- The Washington Times - Thursday, March 17, 2005

On Oct. 19, 1960, Martin Luther King and 52 others were arrested in Rich’s Department Store in Atlanta for refusing to leave a table in its Magnolia Room restaurant. On Monday, Oct. 24, the 52 “sit-ins” were released.

But King was sentenced to four months at hard labor and sent to Reidsville State Prison. His pregnant wife, Coretta, was terrified King would never leave that rural prison alive.

Told of the situation, John F. Kennedy placed a call to Mrs. King, and Robert Kennedy telephoned the judge who had ordered King to Reidsville. The next day, King was released on bail.

Relief in the black community, especially in the South, was immense. King’s father, a renowned Baptist preacher who had come out for Richard Nixon on religious grounds, now endorsed Kennedy. “Because this man was willing to wipe the tears from my daughter’s eyes,” said the senior King, “I’ve got a suitcase full of votes, and I’m going to take them to Mr. Kennedy and dump them in his lap.” Writes Theodore H. White, chronicler of presidential campaigns,”Scores of Negro leaders, deeply Protestant but even more deeply impressed by Kennedy’s action, followed suit.”

Black pastors told the story from pulpits. Outside their churches, pamphlets describing the episode were distributed in the millions on the Sunday before the election. The shift of the black vote to Kennedy probably decided the election of 1960.

Yet, had King, which assuredly he did, told his congregation that Sunday what the Kennedys had done and what he proposed to do — take a “suitcase full of votes” to the Democratic nominee — his Ebenezer Baptist Church should have, under IRS. law, lost its tax exemption. As should have every church in the South whose pastor endorsed Kennedy from the pulpit that Sunday.

That is the absurdity in the IRS tax code that Rep. Walter Jones of North Carolina has set about to abolish.

Under The Houses of Worship Free Speech Restoration Act of 2005, the IRS code would be amended to permit priests, pastors and rabbis to express their “personal views on political matters or elections for public office during regular religious services, so long as these views are not disseminated beyond the members and guests assembled together at the service.”

Sunday services at black churches where candidates like Bill Clinton and John Kerry are embraced by preachers and pastors would be legal under U.S. law. But, so, too, would sermons from the pulpit by Catholic priests and Christian pastors who told congregations that abortion is the slaughter of the innocent, that homosexual marriage is an abomination, and they should vote for the candidate, be it George Bush, who will oppose them.

What are we doing muzzling our religious leaders, who, like the prophets of old, have been ordained by God to hold rulers to account?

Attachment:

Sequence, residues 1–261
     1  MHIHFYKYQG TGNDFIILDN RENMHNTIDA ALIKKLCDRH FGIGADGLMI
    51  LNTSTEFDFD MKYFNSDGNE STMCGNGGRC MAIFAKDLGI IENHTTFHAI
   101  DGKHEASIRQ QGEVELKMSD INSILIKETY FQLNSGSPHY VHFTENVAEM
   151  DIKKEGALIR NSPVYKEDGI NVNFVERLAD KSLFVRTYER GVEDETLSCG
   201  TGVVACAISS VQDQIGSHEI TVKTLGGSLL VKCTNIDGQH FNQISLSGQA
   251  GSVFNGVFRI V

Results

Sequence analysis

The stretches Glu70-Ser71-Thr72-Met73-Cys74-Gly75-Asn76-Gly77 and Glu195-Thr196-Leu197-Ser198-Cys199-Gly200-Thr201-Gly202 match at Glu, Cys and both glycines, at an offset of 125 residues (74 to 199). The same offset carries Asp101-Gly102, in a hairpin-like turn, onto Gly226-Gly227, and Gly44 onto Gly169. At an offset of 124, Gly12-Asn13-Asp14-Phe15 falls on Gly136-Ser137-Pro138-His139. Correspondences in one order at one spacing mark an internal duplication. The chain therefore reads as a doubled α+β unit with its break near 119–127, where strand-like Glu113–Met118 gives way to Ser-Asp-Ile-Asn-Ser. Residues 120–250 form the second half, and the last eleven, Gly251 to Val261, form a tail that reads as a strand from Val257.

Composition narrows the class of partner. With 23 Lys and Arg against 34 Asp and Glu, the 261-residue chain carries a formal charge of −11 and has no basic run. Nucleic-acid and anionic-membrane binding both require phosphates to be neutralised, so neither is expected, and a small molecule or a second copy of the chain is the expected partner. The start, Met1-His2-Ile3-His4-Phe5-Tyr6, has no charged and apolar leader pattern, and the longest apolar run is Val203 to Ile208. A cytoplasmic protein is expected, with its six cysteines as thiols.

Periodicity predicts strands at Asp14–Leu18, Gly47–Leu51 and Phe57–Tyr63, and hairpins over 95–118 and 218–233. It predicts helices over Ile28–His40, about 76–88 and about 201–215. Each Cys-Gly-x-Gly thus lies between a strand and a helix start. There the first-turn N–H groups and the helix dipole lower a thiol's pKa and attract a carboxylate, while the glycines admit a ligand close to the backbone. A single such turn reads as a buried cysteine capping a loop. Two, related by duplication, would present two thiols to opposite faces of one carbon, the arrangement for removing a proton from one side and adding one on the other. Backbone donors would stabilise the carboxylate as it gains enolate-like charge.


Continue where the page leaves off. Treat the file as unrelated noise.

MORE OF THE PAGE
America was founded by men and women who sought religious freedom. The Bill of Rights begins with a command: “Congress shall make no law respecting an establishment of religion, or prohibiting the free exercise thereof; or abridging the freedom of speech.”

How in such a land can we permit federal agents of the IRS to monitor speech in churches and punish priests or pastors or rabbis who speak truth to power by telling their congregations that some men and women are standing up for morality, while others are not. What kind of country have we become, when men and women who take vows to God thereby lose their rights?

The power to tax is the power to destroy. How did the power to destroy churches whose preachers tell their congregations the truth as they see it — that some politicians are advancing God’s Kingdom, while others are violating God’s commandments — end up in the hands of the IRS? Because LBJ put it there.

He had not intended, too, but in 1954, an election year, LBJ was bedeviled by tax-exempt groups who were pointing out the alleged Communist connections of some Texas liberals. LBJ had inserted in the IRS code a penalty loss of tax exemption for any organization whose leaders endorsed or opposed the election of a politician. His amendment was not intended for churches, but it bound them just the same.

Separation of church and state means churches do not dictate state policy and the state does not dictate church teaching. It does not mean rulers have immunity from condemnation or praise.

As Bishop Michael Sheridan of Colorado Springs argues, Catholic priests have a duty to declare “moral principles, including those pertaining to the social order, and to make judgments on human affairs to the extent that they are required by the fundamental rights of the human person or the salvation of souls.” If Congress cannot get free the houses of God, the obstructionists, whoever they are, should get a hiding — from every pulpit in America.

Patrick J. Buchanan served in the Nixon, Ford and Reagan administrations.

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